The Mustang's single-feed 600-cfm Holley has two mixture screws for adjusting idle richness. Patterson turns one screw to lean out the mixture (clockwise) until engine rpm drops. Then he backs out the screw (counter-clockwise) to richen the mixture until the maximum idle speed is reached. A handheld tach or vacuum gauge helps for this (adjust for the highest rpm or vacuum then reset the idle speed). Repeat on the other screw, of course. Both screws should be adjusted nearly the same when you're done.
Patterson follows up with a lesser-known procedure--checking the off-idle circuit. This is what "bridges the gap" between the idle and main fuel circuits for a smooth power transition, also known as tip-in. Crank up the idle speed screw and verify that the engine rpm increases proportionally. When you see fuel dribbling from the boosters, back the idle speed down until they stop dripping fuel, and you're smack-dab into the off-idle circuit. Turning the mixture screws clockwise or leaning the mixture should reduce engine rpm, and richening the screws should increase rpm. Our engine rpm didn't increase when we tried richening the mixture because our idle-feed restrictions were drilled too small. Enlarging them, in our opinion, is carb guru territory.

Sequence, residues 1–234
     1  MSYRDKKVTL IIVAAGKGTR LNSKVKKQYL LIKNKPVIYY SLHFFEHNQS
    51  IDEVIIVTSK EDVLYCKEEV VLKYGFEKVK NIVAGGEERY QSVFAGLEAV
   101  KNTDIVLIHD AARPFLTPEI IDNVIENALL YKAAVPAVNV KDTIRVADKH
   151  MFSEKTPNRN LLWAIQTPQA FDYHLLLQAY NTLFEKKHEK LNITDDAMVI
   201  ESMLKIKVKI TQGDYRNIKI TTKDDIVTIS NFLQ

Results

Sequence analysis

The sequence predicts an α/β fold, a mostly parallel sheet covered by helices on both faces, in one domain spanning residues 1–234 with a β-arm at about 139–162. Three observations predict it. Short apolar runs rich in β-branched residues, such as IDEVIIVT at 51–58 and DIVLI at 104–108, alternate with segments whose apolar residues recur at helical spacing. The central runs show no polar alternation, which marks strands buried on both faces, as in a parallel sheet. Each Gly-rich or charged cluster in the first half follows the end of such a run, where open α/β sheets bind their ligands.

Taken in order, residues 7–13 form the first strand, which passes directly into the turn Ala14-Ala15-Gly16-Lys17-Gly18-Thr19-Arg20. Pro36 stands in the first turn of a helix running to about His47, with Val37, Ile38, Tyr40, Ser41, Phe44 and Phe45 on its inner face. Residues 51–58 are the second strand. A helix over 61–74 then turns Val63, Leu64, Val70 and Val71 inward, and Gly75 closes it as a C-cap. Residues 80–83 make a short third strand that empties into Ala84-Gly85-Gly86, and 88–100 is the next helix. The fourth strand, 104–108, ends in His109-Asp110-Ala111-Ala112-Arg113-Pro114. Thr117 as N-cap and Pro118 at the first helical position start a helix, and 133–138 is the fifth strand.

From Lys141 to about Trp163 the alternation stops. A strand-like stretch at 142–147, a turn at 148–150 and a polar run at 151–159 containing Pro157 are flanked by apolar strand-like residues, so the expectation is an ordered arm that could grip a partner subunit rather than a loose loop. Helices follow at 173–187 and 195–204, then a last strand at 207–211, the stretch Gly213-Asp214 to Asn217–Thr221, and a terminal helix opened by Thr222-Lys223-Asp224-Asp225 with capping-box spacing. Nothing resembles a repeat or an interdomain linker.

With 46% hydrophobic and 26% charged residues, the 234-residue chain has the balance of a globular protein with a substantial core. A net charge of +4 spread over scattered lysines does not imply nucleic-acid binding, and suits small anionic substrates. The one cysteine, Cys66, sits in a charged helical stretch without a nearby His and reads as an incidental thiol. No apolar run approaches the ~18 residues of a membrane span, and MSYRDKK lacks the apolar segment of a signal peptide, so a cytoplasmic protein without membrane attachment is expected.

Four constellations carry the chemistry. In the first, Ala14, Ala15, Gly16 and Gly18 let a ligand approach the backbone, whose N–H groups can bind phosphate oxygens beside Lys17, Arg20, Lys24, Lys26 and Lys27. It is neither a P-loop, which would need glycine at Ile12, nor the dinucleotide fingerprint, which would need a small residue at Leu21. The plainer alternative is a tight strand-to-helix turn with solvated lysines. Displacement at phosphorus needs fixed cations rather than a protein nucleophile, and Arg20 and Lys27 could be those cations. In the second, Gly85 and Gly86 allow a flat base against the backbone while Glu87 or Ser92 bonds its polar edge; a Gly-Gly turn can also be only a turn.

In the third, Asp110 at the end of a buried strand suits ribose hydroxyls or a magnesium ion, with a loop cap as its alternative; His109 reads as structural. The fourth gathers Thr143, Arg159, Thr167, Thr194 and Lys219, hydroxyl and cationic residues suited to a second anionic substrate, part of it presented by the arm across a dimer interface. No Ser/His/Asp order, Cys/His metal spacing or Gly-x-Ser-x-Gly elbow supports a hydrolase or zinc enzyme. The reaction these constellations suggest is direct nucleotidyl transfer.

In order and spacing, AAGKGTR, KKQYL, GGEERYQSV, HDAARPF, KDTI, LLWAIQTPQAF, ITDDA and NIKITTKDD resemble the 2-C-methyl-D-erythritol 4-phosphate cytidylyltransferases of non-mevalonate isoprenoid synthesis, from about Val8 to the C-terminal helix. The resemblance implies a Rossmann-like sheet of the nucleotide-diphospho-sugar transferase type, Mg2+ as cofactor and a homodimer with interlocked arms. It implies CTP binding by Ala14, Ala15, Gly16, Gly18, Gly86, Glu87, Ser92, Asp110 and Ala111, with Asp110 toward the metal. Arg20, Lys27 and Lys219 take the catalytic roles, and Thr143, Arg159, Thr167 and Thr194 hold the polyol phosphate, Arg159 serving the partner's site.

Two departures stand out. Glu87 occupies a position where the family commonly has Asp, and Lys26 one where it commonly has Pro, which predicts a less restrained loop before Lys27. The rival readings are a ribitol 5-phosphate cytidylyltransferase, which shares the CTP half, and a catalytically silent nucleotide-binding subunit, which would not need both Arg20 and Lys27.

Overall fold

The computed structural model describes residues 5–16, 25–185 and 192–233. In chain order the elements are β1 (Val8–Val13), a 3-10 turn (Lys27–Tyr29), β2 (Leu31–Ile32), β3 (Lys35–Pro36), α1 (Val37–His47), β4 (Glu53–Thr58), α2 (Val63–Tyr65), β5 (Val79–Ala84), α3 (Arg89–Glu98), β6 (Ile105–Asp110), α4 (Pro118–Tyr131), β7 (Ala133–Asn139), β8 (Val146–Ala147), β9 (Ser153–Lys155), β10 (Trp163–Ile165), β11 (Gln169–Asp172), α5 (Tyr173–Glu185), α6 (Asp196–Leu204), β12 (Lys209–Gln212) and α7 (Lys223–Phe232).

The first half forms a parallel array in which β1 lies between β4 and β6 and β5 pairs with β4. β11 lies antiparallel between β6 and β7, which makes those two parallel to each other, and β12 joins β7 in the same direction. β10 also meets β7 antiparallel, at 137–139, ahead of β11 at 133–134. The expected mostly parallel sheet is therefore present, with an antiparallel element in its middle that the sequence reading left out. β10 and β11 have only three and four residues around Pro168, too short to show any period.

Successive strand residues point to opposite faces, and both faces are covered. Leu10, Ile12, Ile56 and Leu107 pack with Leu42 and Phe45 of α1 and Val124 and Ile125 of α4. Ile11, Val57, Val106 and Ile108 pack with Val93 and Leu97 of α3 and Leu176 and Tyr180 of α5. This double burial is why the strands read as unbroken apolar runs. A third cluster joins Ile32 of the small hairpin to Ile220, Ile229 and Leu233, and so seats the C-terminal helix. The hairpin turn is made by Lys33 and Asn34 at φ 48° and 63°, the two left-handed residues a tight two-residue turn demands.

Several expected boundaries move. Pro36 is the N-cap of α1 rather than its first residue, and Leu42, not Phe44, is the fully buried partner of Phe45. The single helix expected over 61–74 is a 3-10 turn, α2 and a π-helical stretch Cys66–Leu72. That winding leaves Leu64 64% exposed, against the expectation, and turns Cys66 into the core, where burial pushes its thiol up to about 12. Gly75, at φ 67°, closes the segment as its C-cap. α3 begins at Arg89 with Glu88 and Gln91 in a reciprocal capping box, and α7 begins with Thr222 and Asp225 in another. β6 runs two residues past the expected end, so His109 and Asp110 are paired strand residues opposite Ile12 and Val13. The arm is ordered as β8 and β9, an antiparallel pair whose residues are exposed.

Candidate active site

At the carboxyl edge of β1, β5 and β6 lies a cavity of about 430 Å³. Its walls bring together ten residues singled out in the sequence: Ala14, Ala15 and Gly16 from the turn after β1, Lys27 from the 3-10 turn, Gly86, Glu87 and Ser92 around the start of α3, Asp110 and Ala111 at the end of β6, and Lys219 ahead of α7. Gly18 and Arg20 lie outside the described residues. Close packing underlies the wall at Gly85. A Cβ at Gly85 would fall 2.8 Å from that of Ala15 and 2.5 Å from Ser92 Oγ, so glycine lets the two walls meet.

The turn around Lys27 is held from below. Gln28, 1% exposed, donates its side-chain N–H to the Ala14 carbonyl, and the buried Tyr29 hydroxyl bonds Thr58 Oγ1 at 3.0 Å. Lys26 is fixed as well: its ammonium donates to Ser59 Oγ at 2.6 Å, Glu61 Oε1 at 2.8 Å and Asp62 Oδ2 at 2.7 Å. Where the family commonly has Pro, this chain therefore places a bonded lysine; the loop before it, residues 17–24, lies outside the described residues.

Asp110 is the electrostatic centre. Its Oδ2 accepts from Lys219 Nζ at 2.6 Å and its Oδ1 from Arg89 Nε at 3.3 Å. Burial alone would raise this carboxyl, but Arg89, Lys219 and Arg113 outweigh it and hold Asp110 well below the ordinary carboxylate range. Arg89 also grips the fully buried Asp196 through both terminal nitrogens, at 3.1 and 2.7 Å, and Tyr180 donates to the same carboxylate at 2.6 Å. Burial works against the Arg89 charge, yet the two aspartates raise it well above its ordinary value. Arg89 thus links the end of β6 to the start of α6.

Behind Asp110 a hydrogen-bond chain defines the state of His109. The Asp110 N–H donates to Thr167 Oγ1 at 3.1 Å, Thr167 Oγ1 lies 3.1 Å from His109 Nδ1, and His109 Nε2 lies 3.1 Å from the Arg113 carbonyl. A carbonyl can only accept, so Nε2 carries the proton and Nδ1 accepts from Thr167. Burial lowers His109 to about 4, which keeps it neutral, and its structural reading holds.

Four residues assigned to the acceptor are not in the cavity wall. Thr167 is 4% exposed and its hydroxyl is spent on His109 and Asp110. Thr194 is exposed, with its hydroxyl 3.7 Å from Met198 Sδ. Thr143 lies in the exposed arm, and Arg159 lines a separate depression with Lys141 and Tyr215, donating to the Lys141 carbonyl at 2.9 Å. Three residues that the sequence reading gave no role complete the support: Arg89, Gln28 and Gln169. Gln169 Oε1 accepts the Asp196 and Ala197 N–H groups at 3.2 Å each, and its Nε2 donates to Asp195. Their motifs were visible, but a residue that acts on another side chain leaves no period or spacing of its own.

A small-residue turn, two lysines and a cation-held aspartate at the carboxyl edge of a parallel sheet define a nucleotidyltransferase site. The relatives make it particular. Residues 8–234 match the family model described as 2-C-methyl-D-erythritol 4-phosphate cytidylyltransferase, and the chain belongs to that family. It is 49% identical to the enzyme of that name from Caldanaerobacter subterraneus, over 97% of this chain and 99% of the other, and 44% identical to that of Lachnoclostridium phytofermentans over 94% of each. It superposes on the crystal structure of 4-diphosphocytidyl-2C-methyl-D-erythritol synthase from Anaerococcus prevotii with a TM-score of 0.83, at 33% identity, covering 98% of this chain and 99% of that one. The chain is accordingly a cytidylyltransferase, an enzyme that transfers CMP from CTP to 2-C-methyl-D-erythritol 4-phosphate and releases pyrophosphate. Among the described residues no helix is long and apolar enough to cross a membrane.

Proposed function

Ever try adjusting the idle mixture screws, but find they don't seem to be doing a damn thing? Usually it's because your throttle blades are open too far--and here's why. As the throttle blades are cracked open, they expose the small transfer slots to a vacuum signal. The air/fuel mixture is drawn from the slots and helps smooth the transition off idle to the main fuel circuit. Having the throttle blades open too far at idle exposes more of the transfer slots' area to vacuum, and the added fuel that's drawn out literally drowns out the idle circuit. Patterson likes to see just 0.040-0.050 inch of the transfer slot showing under the throttle plates at idle.